They were rather advanced when it came to farming, using an exhaustive technique that wielded even more product than many modern farming techniques. As a result, they were able to support a massive number of people. It's estimated that anywhere from 200,000 to one million individuals called the city of Tiwanaku home during the height of the civilization. They were also quite skilled at negotiating treaties, which allowed them to flourish by forcing other civilizations to become dependent upon them.
With no written language, little remains of this society now, including their name.
But what we have found in the ruins is fascinating.
The people of Tiwanaku participated in a rather brutal form of human sacrifice in which they would rip an individual open and disembowel him or her. Gods and religious beliefs from other societies were also often swallowed up by the Tiwanaku people. When the city was found in the 1500s, evidence of many other religions was found among the ruins. The Tiwanaku people would carry these beliefs and artifacts back to their city and add them to their own pantheon, most often in a subordinate position to their own gods.
One of their most important gods was Viracocha, who created the world and organized everyone into societies (which the Tiwanaku continued to do through colonization of South America). Viracocha came from Lake Titicaca during a period of great darkness. As he rose from the waters, he created the sun, moon, and stars. He then made Giants to carry the rocks which eventually built Tiwanaku. But these Giants angered Viracocha, so he sent a great flood to destroy them.
Once destroyed, Viracocha started over with a new race at Tiwanaku. He breathed into small rocks to create humans, and then wrote his instructions for civilization down onto a giant piece of rock. Of course, his people couldn't read, so he drew great lines in the rock, and demanded that his people settle into each of those areas and name the tribes to live therein. The spreading of the Tiwanaku society was their way of following that instruction.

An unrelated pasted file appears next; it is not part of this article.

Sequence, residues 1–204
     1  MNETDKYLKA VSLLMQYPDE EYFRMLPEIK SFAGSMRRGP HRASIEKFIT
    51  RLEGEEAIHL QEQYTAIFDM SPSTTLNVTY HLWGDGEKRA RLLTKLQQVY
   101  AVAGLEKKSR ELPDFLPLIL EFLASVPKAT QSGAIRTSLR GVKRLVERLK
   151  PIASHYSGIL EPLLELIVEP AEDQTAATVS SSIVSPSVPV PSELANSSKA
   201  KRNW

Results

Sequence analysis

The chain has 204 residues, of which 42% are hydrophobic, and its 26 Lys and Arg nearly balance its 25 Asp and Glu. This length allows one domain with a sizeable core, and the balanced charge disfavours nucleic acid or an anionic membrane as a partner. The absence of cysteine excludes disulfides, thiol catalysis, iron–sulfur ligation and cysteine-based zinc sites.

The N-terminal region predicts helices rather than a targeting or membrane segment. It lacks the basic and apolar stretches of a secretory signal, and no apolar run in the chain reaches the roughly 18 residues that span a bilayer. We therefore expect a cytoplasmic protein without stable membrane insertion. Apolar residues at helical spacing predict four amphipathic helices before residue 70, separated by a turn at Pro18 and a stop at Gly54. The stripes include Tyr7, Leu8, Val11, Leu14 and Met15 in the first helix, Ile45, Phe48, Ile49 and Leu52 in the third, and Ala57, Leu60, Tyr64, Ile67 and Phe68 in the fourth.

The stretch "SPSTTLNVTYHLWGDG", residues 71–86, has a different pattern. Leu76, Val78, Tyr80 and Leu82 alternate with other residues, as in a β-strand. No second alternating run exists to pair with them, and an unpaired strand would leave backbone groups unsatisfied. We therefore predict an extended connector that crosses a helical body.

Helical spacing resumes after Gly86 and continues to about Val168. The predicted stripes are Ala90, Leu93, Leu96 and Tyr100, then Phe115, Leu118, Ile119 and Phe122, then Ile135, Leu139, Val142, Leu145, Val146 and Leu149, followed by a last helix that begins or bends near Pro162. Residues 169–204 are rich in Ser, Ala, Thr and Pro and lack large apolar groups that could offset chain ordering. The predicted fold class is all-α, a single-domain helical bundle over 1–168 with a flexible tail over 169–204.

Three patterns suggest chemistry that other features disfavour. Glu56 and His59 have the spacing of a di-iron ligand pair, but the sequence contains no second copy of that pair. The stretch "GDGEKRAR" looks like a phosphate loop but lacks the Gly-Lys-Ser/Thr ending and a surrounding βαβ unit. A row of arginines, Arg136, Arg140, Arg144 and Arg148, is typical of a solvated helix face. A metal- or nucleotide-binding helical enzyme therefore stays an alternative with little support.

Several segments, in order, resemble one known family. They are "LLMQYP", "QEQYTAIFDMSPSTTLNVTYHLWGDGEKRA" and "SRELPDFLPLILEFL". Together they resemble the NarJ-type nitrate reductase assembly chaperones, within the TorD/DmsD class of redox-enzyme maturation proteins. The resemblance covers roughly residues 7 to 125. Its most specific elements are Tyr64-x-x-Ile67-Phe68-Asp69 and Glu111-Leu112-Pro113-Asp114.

His mission thus completed, Viracocha walked out onto the water of the ocean and disappeared, never to be seen by his people again. But he did not vanish from the world entirely. Viracocha wandered, teaching others and working miracles. Interestingly enough, Viracocha was a white man, dressed in robes, who carried a staff and a book. He frequently dressed as a beggar.
As the Tiwanaku society began to lose power, the Incan Empire rose. Viracocha became an important deity in their pantheon, taking on the same creator role as he did in the earlier Tiwanaku society. And, as with so many others from around the world, the similarities between Viracocha and Jesus are striking.
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